Second, we need to develop better technical defenses that can detect bots and propaganda and the work of fake-news mills in real time and stifle them. These technologies must be jointly created by both government and private sector actors. Congress can help by driving legislation that encourages this. Such laws should provide both incentives for cooperation (perhaps through tax credits) and sanctions (fines for instances of flagrant non-enforcement).
Third, we need to be more adept at revealing the nature and extent of such attacks when they occur and publicizing them. We should use international organizations (the Security Council, NATO, the Organization of American States, etc.) to shine a spotlight on the use of the networks offensively to shame the abusers. Joint statements from an alliance or regional organization carry much more weight than any single nation's complaints.
Fourth, we need to be willing to use more aggressive and potentially public responses when we are attacked. General Paul Nakasone, who heads both the National Security Agency and U.S. Cyber Command, said recently that he had "guidance" from Defense Secretary Jim Mattis on responding to foreign meddling. But it's unclear what that guidance was, or what sort of retaliation has already occurred beyond the indictments of some of the Russian operatives (none of whom are likely to be turned over to the U.S. justice system).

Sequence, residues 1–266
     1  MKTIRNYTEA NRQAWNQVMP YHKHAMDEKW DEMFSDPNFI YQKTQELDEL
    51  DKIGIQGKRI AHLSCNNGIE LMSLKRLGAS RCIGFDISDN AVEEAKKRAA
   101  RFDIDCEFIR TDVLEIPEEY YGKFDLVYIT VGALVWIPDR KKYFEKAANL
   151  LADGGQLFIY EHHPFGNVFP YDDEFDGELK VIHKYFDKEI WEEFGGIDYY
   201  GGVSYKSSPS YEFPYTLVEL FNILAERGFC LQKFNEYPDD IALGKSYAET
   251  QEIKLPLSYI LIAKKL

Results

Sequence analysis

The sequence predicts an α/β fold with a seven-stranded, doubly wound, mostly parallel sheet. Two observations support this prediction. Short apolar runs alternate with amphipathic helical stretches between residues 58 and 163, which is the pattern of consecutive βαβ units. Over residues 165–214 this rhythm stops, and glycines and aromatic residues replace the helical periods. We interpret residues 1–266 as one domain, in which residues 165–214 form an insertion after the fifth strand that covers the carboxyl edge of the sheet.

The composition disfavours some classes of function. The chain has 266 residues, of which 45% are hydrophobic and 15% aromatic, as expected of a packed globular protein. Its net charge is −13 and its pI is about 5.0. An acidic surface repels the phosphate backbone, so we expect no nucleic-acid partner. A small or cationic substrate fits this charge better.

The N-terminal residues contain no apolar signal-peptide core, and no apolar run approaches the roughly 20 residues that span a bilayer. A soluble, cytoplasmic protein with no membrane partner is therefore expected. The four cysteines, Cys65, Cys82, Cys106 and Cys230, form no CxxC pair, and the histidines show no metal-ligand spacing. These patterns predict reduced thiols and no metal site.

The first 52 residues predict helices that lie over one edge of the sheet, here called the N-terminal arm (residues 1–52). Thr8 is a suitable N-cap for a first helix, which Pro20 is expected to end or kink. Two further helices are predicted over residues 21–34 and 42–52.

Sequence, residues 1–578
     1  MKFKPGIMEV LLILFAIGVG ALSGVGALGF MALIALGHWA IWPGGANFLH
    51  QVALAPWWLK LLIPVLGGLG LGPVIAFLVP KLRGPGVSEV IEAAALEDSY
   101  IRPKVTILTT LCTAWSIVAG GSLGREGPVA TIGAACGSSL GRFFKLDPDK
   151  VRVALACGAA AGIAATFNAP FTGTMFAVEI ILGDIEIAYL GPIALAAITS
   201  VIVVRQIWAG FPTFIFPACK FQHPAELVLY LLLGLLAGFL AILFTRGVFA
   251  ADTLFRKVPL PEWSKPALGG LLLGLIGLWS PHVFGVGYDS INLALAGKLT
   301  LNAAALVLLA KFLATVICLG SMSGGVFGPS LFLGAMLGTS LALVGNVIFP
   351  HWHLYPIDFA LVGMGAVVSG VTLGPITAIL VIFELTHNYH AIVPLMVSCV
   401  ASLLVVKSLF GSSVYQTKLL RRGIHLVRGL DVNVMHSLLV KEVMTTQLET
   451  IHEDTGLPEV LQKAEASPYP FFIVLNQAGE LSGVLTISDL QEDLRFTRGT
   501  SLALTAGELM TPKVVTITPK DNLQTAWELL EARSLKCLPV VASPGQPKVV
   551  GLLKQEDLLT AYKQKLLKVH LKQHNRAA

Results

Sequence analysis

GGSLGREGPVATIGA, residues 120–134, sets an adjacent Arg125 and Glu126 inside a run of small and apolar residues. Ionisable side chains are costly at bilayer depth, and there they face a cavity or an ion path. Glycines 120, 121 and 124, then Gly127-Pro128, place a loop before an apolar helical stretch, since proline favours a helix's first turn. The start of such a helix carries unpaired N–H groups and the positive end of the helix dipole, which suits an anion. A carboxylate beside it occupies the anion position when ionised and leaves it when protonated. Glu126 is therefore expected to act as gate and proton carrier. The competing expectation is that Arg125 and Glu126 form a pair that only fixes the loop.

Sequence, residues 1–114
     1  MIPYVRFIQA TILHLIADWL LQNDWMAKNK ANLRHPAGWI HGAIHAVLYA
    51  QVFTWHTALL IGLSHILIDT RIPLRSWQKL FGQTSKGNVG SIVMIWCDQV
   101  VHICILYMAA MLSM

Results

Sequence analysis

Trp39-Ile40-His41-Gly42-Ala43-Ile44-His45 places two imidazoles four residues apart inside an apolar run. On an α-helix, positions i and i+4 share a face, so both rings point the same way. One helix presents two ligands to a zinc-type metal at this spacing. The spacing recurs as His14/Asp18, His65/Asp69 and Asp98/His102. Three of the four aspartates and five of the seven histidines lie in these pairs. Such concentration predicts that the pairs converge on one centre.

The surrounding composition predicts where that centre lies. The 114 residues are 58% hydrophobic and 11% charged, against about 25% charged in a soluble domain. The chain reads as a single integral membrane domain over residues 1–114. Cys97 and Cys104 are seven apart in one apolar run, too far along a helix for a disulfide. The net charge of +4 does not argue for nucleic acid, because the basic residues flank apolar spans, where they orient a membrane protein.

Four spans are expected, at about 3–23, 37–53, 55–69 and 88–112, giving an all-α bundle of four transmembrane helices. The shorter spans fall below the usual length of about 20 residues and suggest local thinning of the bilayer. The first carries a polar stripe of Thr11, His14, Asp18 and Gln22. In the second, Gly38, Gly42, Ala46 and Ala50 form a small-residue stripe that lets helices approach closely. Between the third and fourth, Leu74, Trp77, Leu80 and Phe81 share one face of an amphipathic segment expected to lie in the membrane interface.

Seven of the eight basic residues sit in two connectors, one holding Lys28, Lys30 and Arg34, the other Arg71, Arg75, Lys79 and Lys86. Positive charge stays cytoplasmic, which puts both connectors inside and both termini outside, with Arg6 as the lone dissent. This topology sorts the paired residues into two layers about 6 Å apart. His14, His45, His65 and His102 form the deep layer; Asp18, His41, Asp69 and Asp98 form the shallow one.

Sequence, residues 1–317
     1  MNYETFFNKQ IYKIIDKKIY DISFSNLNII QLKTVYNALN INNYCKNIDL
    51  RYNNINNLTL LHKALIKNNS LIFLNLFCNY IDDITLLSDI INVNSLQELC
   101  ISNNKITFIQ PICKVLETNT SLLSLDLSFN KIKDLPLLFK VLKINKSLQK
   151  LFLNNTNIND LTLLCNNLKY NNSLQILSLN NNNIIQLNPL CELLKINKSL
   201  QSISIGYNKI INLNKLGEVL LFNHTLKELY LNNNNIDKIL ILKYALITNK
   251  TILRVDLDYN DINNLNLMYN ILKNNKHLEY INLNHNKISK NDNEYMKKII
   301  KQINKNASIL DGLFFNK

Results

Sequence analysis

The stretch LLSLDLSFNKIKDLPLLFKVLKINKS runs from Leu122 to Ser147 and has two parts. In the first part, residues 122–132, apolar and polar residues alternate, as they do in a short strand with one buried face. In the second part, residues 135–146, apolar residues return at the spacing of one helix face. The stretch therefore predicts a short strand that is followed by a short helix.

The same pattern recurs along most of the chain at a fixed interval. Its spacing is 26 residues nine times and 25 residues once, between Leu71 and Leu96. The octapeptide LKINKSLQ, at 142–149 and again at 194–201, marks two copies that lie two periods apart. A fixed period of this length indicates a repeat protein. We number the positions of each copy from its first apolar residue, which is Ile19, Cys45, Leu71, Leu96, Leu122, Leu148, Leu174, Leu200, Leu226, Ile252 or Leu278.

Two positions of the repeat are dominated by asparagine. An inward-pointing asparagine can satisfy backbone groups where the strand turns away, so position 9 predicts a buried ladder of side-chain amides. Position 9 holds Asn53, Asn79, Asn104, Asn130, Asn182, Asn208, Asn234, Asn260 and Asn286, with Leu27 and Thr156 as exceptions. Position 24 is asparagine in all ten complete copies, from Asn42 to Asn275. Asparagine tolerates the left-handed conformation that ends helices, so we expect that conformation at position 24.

The U.S. should be considering using the social networks in a proportional way against Russia if it does not cease and desist -- perhaps by revealing corruption and overseas wealth held by senior Russian leaders. This has been done to an extent, but needs to be deepened to include Putin specifically. It should also be done creatively on social networks with evocative images of villas, yachts and Italian suits.
Clearly, the use of the social networks will play a role for both good and ill in the conduct of politics and, when politics become strained, will be a tool with which nations will continue the conflict in this shadow zone. Tweeting the end of a war as I did blithely in 2011, or watching happily while democracy triumphed in Ukraine in 2005, are all well and good; but Americans need to understand and be ready to respond more efficiently and forcefully when the power of the social networks is turned against the U.S. The lights are blinking red indeed.